There are two problems here: First, the tweet isn’t true. The US-Israel alliance has deeper and more fundamental roots than just cash, including the legacy of Cold War geopolitics, evangelical theology, and shared strategic interests in counterterrorism. Lobbying certainly plays a role, but to say that “US political leaders” defending Israel is “all” about money is to radically misstate how America’s Israel politics work (and discount the findings of the scholars who study it).

Second, and more important, totalizing statements like this play into the most troubling anti-Semitic stereotypes. The Protocols of the Elders of Zion, an infamous early-20th-century Russian forgery, describes a plot by Jewish moneyed interests to subvert and destroy Christian societies through their finances. This in turn draws on longstanding European anti-Semitic traditions that portray Jews as greedy and conniving.

After World War II and the creation of the state of Israel, the conspiracy theory shifted. Anti-Semites started using “Zionist” or “Zio” as a stand-in for “Jewish,” using Jewish activism in favor of the Jewish state as proof that they were right all along about the Jewish conspiracy. David Duke, the former Louisiana Congress member and Ku Klux Klan grand wizard, released a YouTube video in 2014 that bills itself as an “illustrated” update of the Protocols. The video features footage of leading Democratic and Republican politicians speaking to pro-Israel groups, with the caption “both are in the grips of Zio money, Zio media, and Zio bankers.”

“Do you really think, in politics, that he who pays the piper doesn’t call the tune?” Duke asks rhetorically.

Omar is, of course, not coming from the same hateful place as Duke is. But by using too-similar language, she unintentionally provides mainstream cover for these conspiracy theories. After her comments, Duke repeatedly defended her, even tweeting a meme that said “it took a Muslim congresswoman to actually stand up & tell the truth that we ALL know” (he rescinded the praise after her apology).

This is not to equate Duke and Omar — which, to be clear, would be absurd — but rather to point out how if you’re not careful when talking about pro-Israel lobbying, you can provide ammunition to some awful people. By saying that US support for Israel is “all” about money, Omar was essentially mainstreaming ideas that have their roots in anti-Semitism, helping make them more acceptable to voice on the left.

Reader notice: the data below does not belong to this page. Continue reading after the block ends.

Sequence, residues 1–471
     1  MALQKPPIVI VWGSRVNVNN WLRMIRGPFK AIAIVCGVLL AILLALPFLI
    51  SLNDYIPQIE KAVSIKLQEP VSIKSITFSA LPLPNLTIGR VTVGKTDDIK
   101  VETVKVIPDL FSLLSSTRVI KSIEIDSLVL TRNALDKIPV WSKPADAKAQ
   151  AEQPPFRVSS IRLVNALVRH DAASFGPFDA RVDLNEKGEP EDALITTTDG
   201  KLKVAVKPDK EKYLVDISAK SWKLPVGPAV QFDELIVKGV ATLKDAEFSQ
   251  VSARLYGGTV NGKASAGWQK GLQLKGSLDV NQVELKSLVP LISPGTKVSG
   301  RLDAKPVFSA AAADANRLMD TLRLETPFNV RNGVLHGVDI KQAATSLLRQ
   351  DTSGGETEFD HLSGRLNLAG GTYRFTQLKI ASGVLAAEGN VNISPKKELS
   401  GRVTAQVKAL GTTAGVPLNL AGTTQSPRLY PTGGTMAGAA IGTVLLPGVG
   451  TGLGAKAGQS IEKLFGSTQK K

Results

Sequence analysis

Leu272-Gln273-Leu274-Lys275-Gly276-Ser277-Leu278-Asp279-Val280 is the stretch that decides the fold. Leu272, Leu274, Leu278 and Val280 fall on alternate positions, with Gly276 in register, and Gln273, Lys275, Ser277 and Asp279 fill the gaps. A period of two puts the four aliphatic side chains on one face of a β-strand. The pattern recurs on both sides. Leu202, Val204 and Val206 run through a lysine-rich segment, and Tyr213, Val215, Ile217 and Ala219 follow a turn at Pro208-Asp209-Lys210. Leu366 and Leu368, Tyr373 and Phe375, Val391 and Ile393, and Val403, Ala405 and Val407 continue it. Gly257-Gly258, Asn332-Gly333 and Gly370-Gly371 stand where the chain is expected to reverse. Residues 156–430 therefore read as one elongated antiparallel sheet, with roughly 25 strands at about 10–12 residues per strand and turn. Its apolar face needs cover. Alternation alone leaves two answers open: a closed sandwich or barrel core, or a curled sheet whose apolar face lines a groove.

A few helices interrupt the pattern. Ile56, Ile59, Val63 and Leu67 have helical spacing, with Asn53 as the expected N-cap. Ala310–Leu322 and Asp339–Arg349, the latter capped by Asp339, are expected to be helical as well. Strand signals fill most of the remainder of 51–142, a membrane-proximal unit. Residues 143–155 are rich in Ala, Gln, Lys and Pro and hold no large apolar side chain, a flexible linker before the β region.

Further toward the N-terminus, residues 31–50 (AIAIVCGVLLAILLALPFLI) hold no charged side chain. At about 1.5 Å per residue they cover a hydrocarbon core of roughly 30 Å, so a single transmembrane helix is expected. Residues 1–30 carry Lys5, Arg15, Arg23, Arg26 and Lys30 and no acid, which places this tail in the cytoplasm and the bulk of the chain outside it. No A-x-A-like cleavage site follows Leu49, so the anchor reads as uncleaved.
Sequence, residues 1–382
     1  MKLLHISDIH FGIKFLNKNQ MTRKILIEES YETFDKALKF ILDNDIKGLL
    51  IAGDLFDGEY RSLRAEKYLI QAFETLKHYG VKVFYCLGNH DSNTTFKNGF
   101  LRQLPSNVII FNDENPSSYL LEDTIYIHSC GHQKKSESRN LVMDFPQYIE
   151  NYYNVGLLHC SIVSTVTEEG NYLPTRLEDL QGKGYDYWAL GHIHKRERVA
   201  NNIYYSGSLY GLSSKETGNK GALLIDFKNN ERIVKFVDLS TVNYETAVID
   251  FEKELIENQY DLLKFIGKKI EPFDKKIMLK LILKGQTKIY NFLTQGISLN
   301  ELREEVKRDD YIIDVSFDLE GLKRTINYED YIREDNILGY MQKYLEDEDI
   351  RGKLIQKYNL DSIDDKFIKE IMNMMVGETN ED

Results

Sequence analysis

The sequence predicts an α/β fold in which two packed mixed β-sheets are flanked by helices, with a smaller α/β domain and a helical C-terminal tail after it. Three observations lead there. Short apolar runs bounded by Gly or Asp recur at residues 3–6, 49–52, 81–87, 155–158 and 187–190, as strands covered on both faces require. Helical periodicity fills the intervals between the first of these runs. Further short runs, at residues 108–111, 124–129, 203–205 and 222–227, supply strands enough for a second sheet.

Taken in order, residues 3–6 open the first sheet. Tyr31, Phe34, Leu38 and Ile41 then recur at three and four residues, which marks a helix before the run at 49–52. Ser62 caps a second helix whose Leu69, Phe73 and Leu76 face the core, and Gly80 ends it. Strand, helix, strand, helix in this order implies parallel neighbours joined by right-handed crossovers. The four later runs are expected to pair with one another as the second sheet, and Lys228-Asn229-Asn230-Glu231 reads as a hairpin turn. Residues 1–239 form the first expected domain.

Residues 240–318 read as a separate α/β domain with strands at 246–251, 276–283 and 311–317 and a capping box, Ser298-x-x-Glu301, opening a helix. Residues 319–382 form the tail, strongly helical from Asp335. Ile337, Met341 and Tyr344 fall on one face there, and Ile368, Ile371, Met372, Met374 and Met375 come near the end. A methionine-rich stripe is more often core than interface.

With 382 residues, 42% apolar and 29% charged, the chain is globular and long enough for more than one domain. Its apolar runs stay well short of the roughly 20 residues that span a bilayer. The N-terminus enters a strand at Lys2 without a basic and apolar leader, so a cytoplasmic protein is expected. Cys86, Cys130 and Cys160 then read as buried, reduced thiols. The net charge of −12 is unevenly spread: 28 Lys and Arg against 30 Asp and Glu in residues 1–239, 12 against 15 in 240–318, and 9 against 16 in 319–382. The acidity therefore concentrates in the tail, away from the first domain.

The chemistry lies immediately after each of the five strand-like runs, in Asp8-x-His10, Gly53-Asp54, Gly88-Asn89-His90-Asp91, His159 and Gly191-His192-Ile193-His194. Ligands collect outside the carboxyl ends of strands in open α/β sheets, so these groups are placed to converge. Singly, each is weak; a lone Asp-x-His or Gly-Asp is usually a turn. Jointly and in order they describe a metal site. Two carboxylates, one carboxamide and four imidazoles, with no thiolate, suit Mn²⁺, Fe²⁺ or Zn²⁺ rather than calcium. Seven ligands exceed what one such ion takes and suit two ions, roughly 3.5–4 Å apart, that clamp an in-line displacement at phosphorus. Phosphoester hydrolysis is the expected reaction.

Israel, left-wing anti-Semitism, and the need to tread carefully

Jeremy Corbyn Visits Middlesbrough

UK Labour Party Leader Jeremy Corbyn.
Ian Forsyth/Getty Images

There’s a real dilemma here. Pro-Palestinian activists, writers, and politicians have every right to point out what they see as the pernicious influence of groups like AIPAC. The group is undeniably powerful, and it’s worth mentioning in our conversations about both Israel policy and money in politics. You can and should be able to say, “AIPAC’s lobbying pushes America’s Israel policy in a hawkish pro-Israel direction,” without saying that it is literally only about dollars from (disproportionately) Jewish donors.

At the same time side, there is a special need on the left — where most pro-Palestinian sentiment resides — to be careful about just how you discuss those things. It’s not just a matter of providing ammunition to the David Dukes of the world; it’s about the moral corruption of the left and pro-Palestinian movement. If references to the baleful influence of Jews on Israel policy become too flip, too easy, things can go really wrong.

To see a real example, one need only to look at Britain.

In British left-wing and pro-Palestinian circles, derogatory comments about the political clout of Israel and “Zionists” have become quite common. When left-wing insurgent Jeremy Corbyn won the center-left Labour Party’s leadership in 2015, the people who inhabited these spaces seized control of the party power centers.

Corbyn, who had once referred to members of Hamas and Hezbollah as his “friends,” opened the floodgates for the language of Labour’s left flank to go mainstream. The result is a three-year roiling scandal surrounding anti-Semitism inside the party.